Archive for the ‘ People ’ Category

Wright’s Law: A Unique Teacher Imparts Real Life Lessons

St. Pedro Calungsod Music Video

ZAC EFRON shares his experiences in the Philippines on Ellen DeGeneres Show

Fr. Bossi, former Mindanao kidnap victim, dies in Italy


Fr. Bossi

The people of Mindanao will always treasure their memories of Fr. Giancarlo Bossi, the Italian missionary abducted in 2007 by a breakaway group of the Moro Islamic Liberation Front (MILF), Basilan Bishop Martin Jumoad said in a tribute to the priest who died in Italy Sunday.

Bossi, 62, who struggled with lung cancer for a year, died in the Humanitas clinic in Rozzano sul Naviglio in Milan.

“We feel very sad [upon learning about] the death of Fr. Bossi,” Jumoad said. “We treasure his memories, his missionary work, here in Zamboanga del Sur,” he added.

“We pray that there be more Fr. Bossis in terms of commitment to the ministry, in terms of fidelity, so we entrust his soul to the Almighty, that he be given the joy of life hereafter,” the bishop said.

Bossi lived in the Philippines for 32 years, “creat(ing) schools and working cooperatives…and taught people to overcome divisions to collaborate, share and promote the common good,” his friends and colleagues from the Pontificio Istituto Missioni Estore (PIME) recalled.

The missionary was kidnapped in Payao, Zamboanga Sibugay, in June 2007 by armed men belonging to a breakaway group of the MILF, and released a month later on July 10.

He returned to Italy the following month and had the opportunity to meet Pope Benedict XVI, who had appealed to his kidnappers for his release.

In the July 20, 2007, issue of the PIME newsletter, Santos Digal wrote of Bossi’s narration of his ordeal while in captivity: “Speaking alternatively in English and the local dialect, the Italian missionary confirmed that the kidnappers ‘treated him well’ despite (being moved) constantly to evade military troops. He was fed rice and salt (and) dried fish.

To keep up with his abductors, the confessed chain smoker said he was forced to give up cigarettes: “One night while we were walking, we (had) to climb a mountain and my breathing was heavy. I told myself if I want to survive, I have to keep breathing. Better stop smoking and I stopped smoking”.

Told about the 14 Marines in Basilan who died when their unit was ambushed as they returned from a mission to check reported sightings of him, the Italian priest said, “I felt so sorry. In a way, I feel responsible for their deaths.”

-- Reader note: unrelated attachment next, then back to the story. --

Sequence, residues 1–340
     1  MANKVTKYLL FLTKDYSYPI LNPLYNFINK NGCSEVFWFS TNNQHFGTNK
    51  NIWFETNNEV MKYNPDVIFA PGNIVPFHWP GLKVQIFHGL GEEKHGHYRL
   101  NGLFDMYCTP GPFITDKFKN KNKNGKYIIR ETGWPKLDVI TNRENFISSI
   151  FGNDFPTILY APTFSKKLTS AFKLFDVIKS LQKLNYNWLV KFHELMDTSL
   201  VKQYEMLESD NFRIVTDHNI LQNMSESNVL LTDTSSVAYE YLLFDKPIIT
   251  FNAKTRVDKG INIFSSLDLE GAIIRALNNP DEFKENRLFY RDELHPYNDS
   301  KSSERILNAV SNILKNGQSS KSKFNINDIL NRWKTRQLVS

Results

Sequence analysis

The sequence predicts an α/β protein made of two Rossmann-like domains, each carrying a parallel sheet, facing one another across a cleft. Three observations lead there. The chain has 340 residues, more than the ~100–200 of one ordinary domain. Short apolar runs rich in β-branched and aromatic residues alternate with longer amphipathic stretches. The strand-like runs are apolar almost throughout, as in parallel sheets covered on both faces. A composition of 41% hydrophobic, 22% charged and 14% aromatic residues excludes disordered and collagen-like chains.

Bossi, who was not allowed by his superiors to return to Payao after the kidnapping, also told his colleagues of his desire to go back to his mission work in the area.

“I want to return to Payao to greet my people and tell them I am well,” Digal quoted Bossi as saying. “They say that a priest must also be a father and so as the father of my community, it is my duty to return to my people, to my children.”

Pacquiao ‘primed for fall’

World champion Manny Pacquiao says he’s rejuvenated in body as well as spirit, but challenger Timothy Bradley says the Filipino ring icon is primed for a fall when they meet on Saturday.

“He’s worn out, tired, I can see it in his eyes, the wrinkles,” says Bradley, a 5/1 underdog despite his unbeaten record of 28-0 with 12 knockouts.

“This boy’s not ready for me.”

Pacquiao and Bradley weighed in on Friday before a raucous crowd of about 4 000 at the MGM Grand Garden Arena, where Pacquiao’s World Boxing Organisation welterweight world title will be on the line.

Pacquiao weighed in at 147 pounds (66.67kg) – the heaviest he’s been at a weigh-in.

In comparison, Pacquiao weighed in at just 144.6 pounds (65.58kg) when he fought Antonio Margarito in a super welterweight title bout fought at a catch-weight of 150 pounds (68.03kg) in 2010.

Bradley tipped the scales at 146 pounds (66.22 kg) and the challenger, who has presented a relaxed front in the build-up to the bout, was all-business at the weigh-in, scowling and moving in on Pacquiao in the photo-op staredown.

When Bradley gave an aggressive jerk of his chin, Pacquiao seemed to struggle to suppress a smile.

“I’m smiling,” Pacquiao said. “I’m happy.”

While Pacquiao is the favourite, he has, indeed, been doubted by pundits who point to his unconvincing majority decision over Juan Manuel Marquez in November, along with such signs of weakness as debilitating leg cramps in his more recent fights.

“I’m ready for war,” Bradley declared after the weigh-in in front of a pro-Pacquiao crowd. “Don’t matter getting booed. None of these people are going to be in the ring. It’s going to be me and Manny at the end of the night.

“I’m set out to prove everybody wrong.”

Pacquiao – who has won titles in eight weight classes and boasts a record of 54-3 with two drawn and 38 knockouts – has said his preparations for his last Marquez fight were hampered by marital strife, a thing of the past now that he has re-dedicated himself to God and spends his time in Bible study rather than gambling, drinking and womanizing.

“They’re as happy as can be,” trainer Freddie Roach said on Thursday of Pacquiao and his wife, Jinkee. “He’s in a much better place than he was before his last fight.”

While promoter Bob Arum has characterised Pacquiao’s life as “careening off the rails” prior to his spiritual re-awakening, Roach seemed to think things weren’t that bad.

“He just got caught up in the limelight a little bit,” Roach said. “He took a step back and looked at his life and didn’t like it – and he changed.”